Despite the resultant advantages for playing on the international stage, the mergers would have been tough to implement. Unlike most businesses that develop distinctive corporate cultures, banks operate more like cults. Each institution has its own traditions and quirky agendas. The Royal, for example, takes great pride in having been “quick to the frontier” by establishing British Columbia branches in 1897 before venturing to Toronto from its original home base as the Merchants’ Bank of Halifax. The Toronto Dominion has always regarded itself as the slightly roguish outsider—in the Big Bankers’ club, but not of it. Scotiabank’s recent priorities have taken it so deeply into Latin American finance that its chairman, Peter Godsoe, once told me his successor would have to be bilingual—in English and Spanish.

The banks’ case was fatally weakened by the fact that near the end of their campaign they reported 1997 net profits of $7.5 billion, setting new Canadian earnings records at the very time they were pleading that only by merging could they become competitive. The explanation is simply that short-term profits say nothing about long-term prospects. Size does matter. So many American banks have been merging that five years ago the gap in market capitalization between our largest bank, the Royal, and the average of the top 15 U.S. banks has widened to $23 billion from less than $3 billion. “As this global drive for consolidation gathers momentum,” Cleghorn told me before Martin checkmated his plans, “huge, low-cost competitors, using their economies of scale and expertise developed in their home markets, are entering Canada, cherrypicking profitable niches. They’re taking this business away from our Canadian bank branches, one piece at a time. And they’re not making nearly the same investment in Canada that we do.”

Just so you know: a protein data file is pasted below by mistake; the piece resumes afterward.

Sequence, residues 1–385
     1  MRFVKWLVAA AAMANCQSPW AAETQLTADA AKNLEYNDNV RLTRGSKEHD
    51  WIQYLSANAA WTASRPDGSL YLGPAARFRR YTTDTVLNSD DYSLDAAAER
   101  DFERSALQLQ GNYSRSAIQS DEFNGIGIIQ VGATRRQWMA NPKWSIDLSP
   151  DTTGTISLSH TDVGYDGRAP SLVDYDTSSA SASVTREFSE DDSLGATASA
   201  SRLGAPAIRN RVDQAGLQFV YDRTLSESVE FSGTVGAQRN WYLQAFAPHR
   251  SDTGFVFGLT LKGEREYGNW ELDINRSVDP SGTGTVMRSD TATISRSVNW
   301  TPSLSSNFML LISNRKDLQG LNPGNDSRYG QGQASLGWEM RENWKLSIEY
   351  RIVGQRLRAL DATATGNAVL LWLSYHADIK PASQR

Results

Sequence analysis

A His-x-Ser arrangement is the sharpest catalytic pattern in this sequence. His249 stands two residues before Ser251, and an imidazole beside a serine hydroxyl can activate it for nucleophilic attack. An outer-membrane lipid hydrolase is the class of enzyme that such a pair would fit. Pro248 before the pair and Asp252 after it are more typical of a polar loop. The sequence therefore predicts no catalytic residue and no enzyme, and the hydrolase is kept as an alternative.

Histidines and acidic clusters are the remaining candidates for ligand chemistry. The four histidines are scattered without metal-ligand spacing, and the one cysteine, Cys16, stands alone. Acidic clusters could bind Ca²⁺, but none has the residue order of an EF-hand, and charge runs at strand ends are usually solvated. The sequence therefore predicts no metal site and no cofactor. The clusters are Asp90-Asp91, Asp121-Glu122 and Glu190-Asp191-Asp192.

That’s the cardinal point. By opting to keep Canadian banks at their present size, the finance minister has gambled on their ability to survive in a constantly narrowing environment. It was no coincidence that the very day the mergers were quashed, Charles Schwab Corp., a U.S. discount broker with 5.4 million active customer accounts worth $710 billion, moved north by grabbing Bay Street houses Porthmeor Securities Inc., a full-service brokerage, and its discount arm, Priority Brokerage Inc. That will cut deep into the TD’s Green Line Investor Service. Other competitors that will now launch frontal assaults on Canada’s banks include ING Direct, a Dutch-owned virtual reality financial institution with no conventional branches in Canada, which is more than twice as large as any of our banks. Other rapidly growing competitors are such forward-looking enterprises as Toronto’s Newcourt Credit Group Inc., which sells and manages loans and is attracting a growing slice of what was traditionally banking business.

The day Paul Martin scuttled the banks’ merger dreams may turn out to be the beginning of the deconstruction of Canada’s banking system.